At this stage Portland Stone was also selected as the external material for the building, given it was:
a stone identified with London for centuries and known to withstand the smoke and acid-laden atmosphere. The peculiar silvery beauty of its weathered surface may be said to be essential to the full realisation of the design.
The original plan consisted of a single structure stretching from Montague Place to Torrington Street with a central corridor linked by a series of wings and courtyards – one for each member institution. The scheme was to be topped by two towers; the taller Senate House and a smaller one to the north. Approval of the first stages were agreed by the Court, and the ground-work contractor took possession of the site on 5 April 1933 to begin work on the foundations of Senate House.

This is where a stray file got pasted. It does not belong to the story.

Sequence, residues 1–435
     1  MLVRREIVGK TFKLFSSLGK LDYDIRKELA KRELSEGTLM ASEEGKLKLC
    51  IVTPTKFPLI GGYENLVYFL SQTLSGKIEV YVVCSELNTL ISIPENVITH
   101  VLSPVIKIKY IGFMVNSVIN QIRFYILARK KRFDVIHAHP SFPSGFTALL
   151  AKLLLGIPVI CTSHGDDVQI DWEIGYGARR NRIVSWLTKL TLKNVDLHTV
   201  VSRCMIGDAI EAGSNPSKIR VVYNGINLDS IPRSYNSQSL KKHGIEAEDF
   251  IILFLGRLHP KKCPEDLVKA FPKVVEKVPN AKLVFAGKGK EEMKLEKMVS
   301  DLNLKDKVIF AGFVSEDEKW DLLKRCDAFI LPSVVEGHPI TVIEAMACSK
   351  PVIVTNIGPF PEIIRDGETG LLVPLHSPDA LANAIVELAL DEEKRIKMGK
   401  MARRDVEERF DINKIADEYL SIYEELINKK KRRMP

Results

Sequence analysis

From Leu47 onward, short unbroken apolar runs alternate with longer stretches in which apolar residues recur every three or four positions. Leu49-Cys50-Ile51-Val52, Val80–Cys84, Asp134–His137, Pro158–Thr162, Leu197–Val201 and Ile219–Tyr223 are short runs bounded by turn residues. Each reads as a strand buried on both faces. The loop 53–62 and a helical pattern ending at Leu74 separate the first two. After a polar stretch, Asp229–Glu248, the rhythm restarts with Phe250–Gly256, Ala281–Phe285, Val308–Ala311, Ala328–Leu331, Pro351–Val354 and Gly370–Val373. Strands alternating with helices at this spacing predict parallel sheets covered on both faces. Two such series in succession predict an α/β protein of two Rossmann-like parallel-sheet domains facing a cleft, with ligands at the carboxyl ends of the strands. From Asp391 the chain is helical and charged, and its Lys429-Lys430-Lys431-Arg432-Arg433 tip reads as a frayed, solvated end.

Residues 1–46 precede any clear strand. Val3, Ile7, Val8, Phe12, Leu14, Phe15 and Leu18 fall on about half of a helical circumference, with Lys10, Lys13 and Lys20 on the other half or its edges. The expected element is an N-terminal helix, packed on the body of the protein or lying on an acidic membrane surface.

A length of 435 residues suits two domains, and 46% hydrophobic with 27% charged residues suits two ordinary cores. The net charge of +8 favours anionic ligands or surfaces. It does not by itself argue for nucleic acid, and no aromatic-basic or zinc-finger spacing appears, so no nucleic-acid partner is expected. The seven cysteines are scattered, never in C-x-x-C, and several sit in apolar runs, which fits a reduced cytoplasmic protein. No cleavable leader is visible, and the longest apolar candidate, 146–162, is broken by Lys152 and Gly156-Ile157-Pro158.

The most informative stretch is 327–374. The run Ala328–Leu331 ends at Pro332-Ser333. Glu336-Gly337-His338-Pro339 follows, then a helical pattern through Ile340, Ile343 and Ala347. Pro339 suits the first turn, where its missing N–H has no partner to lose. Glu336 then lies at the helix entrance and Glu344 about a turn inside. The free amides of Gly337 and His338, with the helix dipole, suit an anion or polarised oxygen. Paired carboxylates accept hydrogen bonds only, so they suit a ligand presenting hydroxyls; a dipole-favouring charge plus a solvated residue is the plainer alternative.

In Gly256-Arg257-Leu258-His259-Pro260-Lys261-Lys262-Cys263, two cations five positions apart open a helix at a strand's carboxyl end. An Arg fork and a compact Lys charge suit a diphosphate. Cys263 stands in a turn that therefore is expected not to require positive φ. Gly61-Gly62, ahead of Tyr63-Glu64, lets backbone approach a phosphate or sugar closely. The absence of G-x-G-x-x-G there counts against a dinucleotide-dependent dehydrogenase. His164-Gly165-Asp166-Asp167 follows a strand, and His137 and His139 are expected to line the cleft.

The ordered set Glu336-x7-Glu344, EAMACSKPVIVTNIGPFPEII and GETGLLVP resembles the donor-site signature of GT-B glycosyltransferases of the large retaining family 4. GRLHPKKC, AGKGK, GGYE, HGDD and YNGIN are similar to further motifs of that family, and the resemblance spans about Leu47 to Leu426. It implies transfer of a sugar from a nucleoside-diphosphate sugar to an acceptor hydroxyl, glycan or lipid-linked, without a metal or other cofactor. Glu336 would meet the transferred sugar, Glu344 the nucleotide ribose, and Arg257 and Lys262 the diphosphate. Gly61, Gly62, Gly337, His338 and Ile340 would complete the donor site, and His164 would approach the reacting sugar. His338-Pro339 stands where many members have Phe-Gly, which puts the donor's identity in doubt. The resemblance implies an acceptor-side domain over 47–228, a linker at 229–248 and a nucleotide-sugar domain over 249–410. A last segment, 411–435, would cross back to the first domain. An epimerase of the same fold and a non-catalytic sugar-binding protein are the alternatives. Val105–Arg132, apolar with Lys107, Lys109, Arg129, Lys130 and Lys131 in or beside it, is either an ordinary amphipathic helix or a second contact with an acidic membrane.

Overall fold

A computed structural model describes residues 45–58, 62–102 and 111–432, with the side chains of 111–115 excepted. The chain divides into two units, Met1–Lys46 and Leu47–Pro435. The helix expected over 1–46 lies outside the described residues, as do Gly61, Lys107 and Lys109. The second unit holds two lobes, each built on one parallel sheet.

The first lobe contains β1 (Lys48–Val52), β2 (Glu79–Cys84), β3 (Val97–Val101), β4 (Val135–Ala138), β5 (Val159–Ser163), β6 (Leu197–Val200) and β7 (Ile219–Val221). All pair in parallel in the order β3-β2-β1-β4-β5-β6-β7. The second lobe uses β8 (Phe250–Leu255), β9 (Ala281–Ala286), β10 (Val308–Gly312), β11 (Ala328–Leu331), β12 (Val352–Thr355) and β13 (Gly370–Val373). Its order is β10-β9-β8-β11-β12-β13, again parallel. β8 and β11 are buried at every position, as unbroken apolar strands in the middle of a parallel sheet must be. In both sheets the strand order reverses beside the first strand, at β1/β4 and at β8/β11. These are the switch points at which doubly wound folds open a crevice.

However, due to a lack of funds and the onset of WWII, the full design was gradually cut back, and only the Senate House and Library were completed in 1937.